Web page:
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Nineteen years ago this month, Zelda Perkins walked out of Miramax’s London offices on Brewer Street in Soho for the last time and went to see a lawyer with a female colleague. They were seeking urgent advice. Ms Perkins, who had worked for Miramax as Harvey Weinstein’s assistant, says she has endured several years of sexual harassment by him but had been spurred to quit after the colleague said the film mogul had sexually assaulted her.
After recounting their stories to solicitors at Simons Muirhead & Burton, a London legal firm that specialises in media work, the two women were advised to seek a damages claim from Mr Weinstein. A negotiation began with Allen & Overy, the heavyweight London firm that was acting for the producer of movies such as Pulp Fiction and The English Patient.
A sum of £250,000 was agreed, to be divided equally between the two women, and a legally binding contract— a non-disclosure agreement — drawn up after several punishing late-night sessions. The women signed it and for almost two decades have not spoken about their experience.
Until now. Ms Perkins is breaking the terms of that contract in the Financial Times to talk about her time at Miramax working for Mr Weinstein and the “incredibly distressing” experience of negotiating her NDA — a process that pitted a young woman against the legal might and power of one of Hollywood’s most powerful figures. The recent firing of Mr Weinstein and the emergence of dozens of women who have alleged harassment and assault by him has emboldened her to come forward. In an interview with the FT, she says she wants to shine a light on the workings of a secretive legal process utilised by the rich and powerful to silence victims of sexual harassment.
“I want to publicly break my non-disclosure agreement,” she says. “Unless somebody does this there won’t be a debate about how egregious these agreements are and the amount of duress that victims are put under. My entire world fell in because I thought the law was there to protect those who abided by it. I discovered that it had nothing to do with right and wrong and everything to do with money and power.”
Ms Perkins, who now works for the theatre production company Robert Fox, is aware that breaking the contract is risky but says she is prepared to take a stand. She does not even have a copy of her NDA — the agreement that was struck in October 1998 prohibited her from having one — although she does have several pages from it outlining Miramax’s obligations to her, and hers to the film company.
There are plenty of clauses in it to direct and curtail her future behaviour, including if she were ever asked to provide testimony. One says that if “any criminal legal process” involving Harvey Weinstein or Miramax requires her to give evidence, she will give 48 hours notice to Mark Mansell, a lawyer at Allen & Overy, “before making any disclosure”.
In the event her evidence is required, “you [she] will use all reasonable endeavours to limit the scope of the disclosure as far as possible”, the agreement says, adding that she will agree to give “reasonable assistance” to Miramax “if it elects to contest such process”.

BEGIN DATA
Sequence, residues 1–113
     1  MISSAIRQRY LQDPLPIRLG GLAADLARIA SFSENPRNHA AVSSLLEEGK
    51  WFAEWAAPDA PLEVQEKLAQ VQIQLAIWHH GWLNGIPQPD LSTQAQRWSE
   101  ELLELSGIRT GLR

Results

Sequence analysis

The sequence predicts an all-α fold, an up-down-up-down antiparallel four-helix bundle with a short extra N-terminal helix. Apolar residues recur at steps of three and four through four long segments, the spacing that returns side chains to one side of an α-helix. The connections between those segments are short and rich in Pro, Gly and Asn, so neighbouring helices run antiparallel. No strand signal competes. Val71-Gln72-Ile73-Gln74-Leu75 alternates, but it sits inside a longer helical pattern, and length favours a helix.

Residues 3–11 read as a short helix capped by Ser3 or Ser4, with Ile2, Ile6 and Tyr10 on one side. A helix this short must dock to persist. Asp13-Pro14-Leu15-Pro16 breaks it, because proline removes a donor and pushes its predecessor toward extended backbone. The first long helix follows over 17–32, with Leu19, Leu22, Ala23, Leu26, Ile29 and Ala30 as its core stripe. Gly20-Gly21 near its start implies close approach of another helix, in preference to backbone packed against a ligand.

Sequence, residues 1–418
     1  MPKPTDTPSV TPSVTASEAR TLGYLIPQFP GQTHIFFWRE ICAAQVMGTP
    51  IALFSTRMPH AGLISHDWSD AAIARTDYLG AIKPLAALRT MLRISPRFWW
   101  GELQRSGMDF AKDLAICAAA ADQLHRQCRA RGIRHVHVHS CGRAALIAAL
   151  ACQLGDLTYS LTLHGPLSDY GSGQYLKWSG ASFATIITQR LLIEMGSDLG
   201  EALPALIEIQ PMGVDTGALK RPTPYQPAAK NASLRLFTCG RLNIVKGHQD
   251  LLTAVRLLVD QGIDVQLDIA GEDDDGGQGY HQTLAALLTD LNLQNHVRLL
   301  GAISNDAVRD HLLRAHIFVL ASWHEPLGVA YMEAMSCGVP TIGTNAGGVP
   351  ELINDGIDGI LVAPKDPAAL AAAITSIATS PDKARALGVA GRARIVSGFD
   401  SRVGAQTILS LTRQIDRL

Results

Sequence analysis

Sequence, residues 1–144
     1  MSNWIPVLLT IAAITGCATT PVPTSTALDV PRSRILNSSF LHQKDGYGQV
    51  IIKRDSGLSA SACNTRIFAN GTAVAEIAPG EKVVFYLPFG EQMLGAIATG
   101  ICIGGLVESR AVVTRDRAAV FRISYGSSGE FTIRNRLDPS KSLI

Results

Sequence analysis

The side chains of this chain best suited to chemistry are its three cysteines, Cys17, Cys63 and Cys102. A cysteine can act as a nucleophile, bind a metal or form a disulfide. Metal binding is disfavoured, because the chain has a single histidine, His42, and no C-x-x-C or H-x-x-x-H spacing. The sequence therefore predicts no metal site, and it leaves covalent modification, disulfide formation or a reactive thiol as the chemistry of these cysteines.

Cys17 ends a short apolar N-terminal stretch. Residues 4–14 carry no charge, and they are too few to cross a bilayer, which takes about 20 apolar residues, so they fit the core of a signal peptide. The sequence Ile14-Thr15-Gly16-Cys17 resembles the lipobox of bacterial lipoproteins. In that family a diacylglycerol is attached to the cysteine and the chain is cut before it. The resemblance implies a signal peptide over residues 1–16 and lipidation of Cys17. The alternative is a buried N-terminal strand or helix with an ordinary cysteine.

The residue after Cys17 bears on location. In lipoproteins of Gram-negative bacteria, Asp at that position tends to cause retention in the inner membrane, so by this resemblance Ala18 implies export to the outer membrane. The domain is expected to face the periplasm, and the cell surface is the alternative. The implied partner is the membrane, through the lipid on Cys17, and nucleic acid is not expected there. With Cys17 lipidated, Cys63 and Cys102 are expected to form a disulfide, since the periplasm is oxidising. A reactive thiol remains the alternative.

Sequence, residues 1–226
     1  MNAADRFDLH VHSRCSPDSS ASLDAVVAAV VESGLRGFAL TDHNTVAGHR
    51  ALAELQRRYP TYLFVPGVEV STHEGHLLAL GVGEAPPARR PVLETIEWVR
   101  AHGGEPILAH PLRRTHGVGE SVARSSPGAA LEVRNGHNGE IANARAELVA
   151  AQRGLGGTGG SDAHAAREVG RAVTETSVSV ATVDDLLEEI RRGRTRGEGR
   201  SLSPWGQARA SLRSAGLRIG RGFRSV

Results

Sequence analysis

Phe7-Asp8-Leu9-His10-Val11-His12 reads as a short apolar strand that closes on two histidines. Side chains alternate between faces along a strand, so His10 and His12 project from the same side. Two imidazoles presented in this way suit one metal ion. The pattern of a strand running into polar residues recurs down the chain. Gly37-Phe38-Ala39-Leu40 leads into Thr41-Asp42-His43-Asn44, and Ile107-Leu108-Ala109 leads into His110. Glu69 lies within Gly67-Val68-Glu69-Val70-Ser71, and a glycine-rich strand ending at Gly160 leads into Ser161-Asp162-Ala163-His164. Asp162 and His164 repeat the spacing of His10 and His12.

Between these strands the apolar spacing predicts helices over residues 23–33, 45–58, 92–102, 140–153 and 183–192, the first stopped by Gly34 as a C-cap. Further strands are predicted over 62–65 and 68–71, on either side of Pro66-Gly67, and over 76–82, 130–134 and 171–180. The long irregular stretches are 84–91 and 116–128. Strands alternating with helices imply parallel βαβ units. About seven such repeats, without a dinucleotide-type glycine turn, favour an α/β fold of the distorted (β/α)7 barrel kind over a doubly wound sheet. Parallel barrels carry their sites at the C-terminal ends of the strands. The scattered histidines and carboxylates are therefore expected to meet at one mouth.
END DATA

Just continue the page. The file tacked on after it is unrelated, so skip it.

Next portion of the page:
Mr Mansell and Allen & Overy declined to comment on Ms Perkins’ agreement, as did her solicitors at Simons Muirhead & Burton.
Amid the wave of sexual harassment and assault claims in the US, NDAs and the lawyers who help devise them have emerged as a critical element in explaining why so many of those cases remained secret for so long. These accusations have been directed not just at Mr Weinstein in Hollywood, but also Roger Ailes and Bill O’Reilly, the former chairman and star anchor, respectively, at Fox News.
While Ms Perkins is not the first woman to come forward with claims about harassment from an all-powerful boss, she is one of the first to lift the veil of secrecy to show the invasive process involved in securing such an agreement. Her ordeal included days of gruelling questioning at Allen & Overy’s London office, capped by a 12-hour session before a phalanx of Mr Weinstein’s lawyers that broke at 5am.
“I was made to feel ashamed for disclosing his behaviour and assault, and expected to name those I had spoken to, as if they too were guilty of something,” she says.
Ms Perkins never had any ambitions to work in the film industry. In fact, if she had not followed a boyfriend to New York after finishing university in Manchester she may never have crossed paths with Mr Weinstein.
A television series was being shot on the street where she was staying and a chance meeting led to a job. When it was time for her to return to London a New York colleague introduced her to Donna Gigliotti, a producer who was already working for Miramax — and who would go on to win an Oscar for Shakespeare in Love. That led to a script development job at Miramax’s London office. It was a predominantly female office, she recalls.
Soon after she had started she was called at home by a senior female colleague. “Harvey usually had three assistants working for him in London but one of them had gone Awol. I was asked to step in.”